Air-conditioned buildings bring welcome relief to people coming in from the heat. But creatingthat comfort comes with a cost to our wallets and the environment in the form of increased energy bills andgreenhouse gas emissions.
ITHACA, N.Y. – A new Cornell University study shows a child’s neighborhood impacts his or her economic well-being into adulthood.
Scientists and activists alike have been looking for a solution to the problem of aquatic nutrient pollution. Now one group reports in Environmental Science & Technology that ribbed mussels are up to the clean-up challenge.
Adolescents in developed countries frequently use dietary supplements despite a lack of knowledge about possible harmful effects or drug interactions. Often males turn to dietary supplements in an attempt to increase their performance for sports while females are more concerned with preventing illness and disease. To understand the underlying reasons and sources of recommendation for dietary supplement use among adolescents in Slovenia, researchers at the University of Ljubljana studied both athletes and nonathletes.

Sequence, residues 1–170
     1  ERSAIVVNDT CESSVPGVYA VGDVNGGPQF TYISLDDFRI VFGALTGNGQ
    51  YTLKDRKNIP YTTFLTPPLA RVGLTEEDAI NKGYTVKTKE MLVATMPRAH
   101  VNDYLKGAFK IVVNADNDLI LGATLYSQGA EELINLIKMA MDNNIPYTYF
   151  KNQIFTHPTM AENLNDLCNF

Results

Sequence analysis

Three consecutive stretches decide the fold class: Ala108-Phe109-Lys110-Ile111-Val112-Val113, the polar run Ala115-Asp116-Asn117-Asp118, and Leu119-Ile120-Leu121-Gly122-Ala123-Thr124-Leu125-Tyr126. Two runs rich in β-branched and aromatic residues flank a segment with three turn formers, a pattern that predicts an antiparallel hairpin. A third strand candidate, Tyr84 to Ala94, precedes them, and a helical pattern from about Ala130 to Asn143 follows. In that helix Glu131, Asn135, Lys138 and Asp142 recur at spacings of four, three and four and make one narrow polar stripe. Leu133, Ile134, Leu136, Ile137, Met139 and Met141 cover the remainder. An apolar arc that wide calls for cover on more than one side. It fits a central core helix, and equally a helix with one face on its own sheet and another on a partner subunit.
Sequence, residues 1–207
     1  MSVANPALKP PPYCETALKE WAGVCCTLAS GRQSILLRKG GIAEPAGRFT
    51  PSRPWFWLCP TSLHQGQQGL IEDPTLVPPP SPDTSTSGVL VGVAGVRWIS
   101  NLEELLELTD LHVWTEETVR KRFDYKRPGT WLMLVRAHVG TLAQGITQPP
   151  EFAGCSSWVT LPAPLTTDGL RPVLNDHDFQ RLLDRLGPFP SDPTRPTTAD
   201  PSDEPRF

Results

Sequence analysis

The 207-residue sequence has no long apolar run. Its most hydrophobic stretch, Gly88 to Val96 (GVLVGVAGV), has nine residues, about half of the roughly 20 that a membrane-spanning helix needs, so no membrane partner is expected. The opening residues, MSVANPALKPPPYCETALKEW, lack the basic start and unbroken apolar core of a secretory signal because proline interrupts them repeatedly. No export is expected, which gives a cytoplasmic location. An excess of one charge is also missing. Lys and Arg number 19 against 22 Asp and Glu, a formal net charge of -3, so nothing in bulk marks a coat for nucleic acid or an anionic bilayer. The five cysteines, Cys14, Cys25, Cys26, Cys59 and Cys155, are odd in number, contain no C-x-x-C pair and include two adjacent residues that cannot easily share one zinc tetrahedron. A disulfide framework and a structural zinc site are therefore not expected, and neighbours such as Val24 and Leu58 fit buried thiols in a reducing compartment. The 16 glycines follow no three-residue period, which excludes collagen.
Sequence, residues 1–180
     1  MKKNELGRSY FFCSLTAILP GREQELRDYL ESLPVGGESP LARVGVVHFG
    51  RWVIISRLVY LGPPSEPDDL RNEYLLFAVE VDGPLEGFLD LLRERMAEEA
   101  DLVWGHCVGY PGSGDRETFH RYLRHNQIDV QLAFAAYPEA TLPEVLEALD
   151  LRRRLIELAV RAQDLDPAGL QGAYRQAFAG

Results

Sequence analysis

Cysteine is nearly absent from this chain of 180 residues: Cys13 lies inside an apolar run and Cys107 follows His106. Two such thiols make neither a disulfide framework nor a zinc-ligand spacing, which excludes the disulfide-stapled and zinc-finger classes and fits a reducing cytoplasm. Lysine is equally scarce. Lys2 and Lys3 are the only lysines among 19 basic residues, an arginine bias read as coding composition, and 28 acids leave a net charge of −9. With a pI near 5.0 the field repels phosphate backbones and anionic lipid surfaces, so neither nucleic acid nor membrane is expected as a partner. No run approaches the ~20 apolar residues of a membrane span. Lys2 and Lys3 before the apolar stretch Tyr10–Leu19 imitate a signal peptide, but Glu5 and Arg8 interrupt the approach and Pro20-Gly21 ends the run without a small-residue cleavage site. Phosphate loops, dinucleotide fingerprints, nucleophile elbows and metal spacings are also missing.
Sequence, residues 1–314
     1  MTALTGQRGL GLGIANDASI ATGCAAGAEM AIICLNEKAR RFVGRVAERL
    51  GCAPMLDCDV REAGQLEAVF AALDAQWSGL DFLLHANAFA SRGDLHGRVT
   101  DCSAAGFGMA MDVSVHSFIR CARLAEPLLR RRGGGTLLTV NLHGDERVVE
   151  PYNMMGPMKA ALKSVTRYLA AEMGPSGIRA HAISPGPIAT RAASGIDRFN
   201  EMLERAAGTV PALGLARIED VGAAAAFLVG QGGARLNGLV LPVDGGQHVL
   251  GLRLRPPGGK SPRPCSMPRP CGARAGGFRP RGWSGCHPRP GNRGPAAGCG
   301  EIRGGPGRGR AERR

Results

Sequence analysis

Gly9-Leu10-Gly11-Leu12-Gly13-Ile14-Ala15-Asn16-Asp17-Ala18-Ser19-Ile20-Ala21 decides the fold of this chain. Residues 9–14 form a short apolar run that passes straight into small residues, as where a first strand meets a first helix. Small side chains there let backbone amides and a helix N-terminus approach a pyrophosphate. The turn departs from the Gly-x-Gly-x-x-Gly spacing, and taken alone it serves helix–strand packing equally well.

The Climate Science Special Report, released last week by the U.S. Global Change Research Program, details the science behind global warming and its current and potential impacts on the American economy, communities, public health and infrastructure. One of the report’s lead authors is Robert E. Kopp, a professor in the Department of Earth and Planetary Sciences at Rutgers University–New Brunswick, director of Rutgers’ Institute of Earth, Ocean, and Atmospheric Sciences (EOAS) and co-director of Rutgers’ Coastal Climate Risk and Resilience Initiative.
Nationwide Observance of National Rural Health Day 2017
The latest data released by the Notre Dame Global Adaptation Initiative (ND-GAIN) shows that small island states face increasing challenges to address the impact of climate change.
Babson College will host its first-ever international Rocket Pitch competition at Municipalidad de Vitacura in Santiago, Chile, on Thursday, November 23, 2017.